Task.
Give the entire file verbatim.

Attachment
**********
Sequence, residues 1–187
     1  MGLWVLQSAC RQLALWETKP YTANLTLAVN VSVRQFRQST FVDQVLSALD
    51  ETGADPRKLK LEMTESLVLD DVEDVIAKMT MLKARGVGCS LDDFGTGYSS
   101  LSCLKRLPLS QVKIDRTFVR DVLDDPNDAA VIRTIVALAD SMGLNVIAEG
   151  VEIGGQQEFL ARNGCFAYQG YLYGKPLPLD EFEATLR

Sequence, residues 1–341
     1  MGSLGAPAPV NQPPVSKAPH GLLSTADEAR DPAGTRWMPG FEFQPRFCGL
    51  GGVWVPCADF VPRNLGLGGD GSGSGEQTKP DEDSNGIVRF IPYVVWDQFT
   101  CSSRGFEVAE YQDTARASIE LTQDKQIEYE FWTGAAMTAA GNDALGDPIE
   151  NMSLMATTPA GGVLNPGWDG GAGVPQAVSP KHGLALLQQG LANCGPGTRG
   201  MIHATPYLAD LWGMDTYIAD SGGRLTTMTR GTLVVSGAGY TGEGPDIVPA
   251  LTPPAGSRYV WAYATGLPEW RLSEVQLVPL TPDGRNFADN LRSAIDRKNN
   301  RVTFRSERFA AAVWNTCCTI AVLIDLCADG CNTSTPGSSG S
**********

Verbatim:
Sequence, residues 1–187
     1  MGLWVLQSAC RQLALWETKP YTANLTLAVN VSVRQFRQST FVDQVLSALD
    51  ETGADPRKLK LEMTESLVLD DVEDVIAKMT MLKARGVGCS LDDFGTGYSS
   101  LSCLKRLPLS QVKIDRTFVR DVLDDPNDAA VIRTIVALAD SMGLNVIAEG
   151  VEIGGQQEFL ARNGCFAYQG YLYGKPLPLD EFEATLR

Sequence, residues 1–341
     1  MGSLGAPAPV NQPPVSKAPH GLLSTADEAR DPAGTRWMPG FEFQPRFCGL
    51  GGVWVPCADF VPRNLGLGGD GSGSGEQTKP DEDSNGIVRF IPYVVWDQFT
   101  CSSRGFEVAE YQDTARASIE LTQDKQIEYE FWTGAAMTAA GNDALGDPIE
   151  NMSLMATTPA GGVLNPGWDG GAGVPQAVSP KHGLALLQQG LANCGPGTRG
   201  MIHATPYLAD LWGMDTYIAD SGGRLTTMTR GTLVVSGAGY TGEGPDIVPA
   251  LTPPAGSRYV WAYATGLPEW RLSEVQLVPL TPDGRNFADN LRSAIDRKNN
   301  RVTFRSERFA AAVWNTCCTI AVLIDLCADG CNTSTPGSSG S